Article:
The choice of a mouse as the character for Mickey that children might identify with is significant. Walt laughed about the choice because he said he was afraid of mice. Mice are cute, furry and cuddly, but also small, amoral and pesky, much as children might have been viewed during the late 1920's.
Mickey's character is perhaps most clearly revealed in its simplest form where he appears for the first time: Steamboat Willie. In this animated cartoon he plays a workman on a steamboat whistling and having a gay old time piloting the boat - that is until the captain catches him in that role and disciplines him in grotesque cartoon-esque fashion. Mickey having a good time is victim of the big, ugly, nasty, and violent adult figure. The boat stops to pick up cargo and leaves before Minnie can get on board. Minnie, like most children, is unseen and thus devalued by the captain. Mickey does see her (being a peer) and uses ingenuity to hook her by the rear with a crane and swing her on the boat. Before they have a chance to get acquainted, the music and guitar she has brought with her has been eaten by a goat. When he realizes they are now in the goat's stomach, Mickey begins to crank the goat's tale and music comes out.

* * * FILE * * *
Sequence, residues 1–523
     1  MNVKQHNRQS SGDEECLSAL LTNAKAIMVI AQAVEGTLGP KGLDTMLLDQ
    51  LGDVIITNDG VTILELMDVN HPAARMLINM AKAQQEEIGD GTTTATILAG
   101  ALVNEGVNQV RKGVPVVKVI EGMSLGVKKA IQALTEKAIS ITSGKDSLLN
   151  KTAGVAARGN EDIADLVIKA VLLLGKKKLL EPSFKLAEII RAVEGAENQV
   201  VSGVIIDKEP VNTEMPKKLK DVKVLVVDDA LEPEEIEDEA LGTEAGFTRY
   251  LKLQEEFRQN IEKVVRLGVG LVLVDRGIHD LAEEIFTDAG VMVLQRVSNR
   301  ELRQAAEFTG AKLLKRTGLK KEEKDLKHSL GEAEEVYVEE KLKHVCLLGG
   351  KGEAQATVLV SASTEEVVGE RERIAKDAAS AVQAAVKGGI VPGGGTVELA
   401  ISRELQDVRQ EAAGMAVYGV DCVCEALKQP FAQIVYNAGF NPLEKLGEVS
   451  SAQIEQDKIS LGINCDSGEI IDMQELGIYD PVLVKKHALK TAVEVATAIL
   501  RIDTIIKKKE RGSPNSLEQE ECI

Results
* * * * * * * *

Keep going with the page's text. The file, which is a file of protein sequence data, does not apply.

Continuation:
Mickey and his Disney pals live in a virtual world where things that are lifeless can become animate and things that are alive can be treated as objects. The format of a cartoon removes the limits of time and space so the world can be turned upside-down.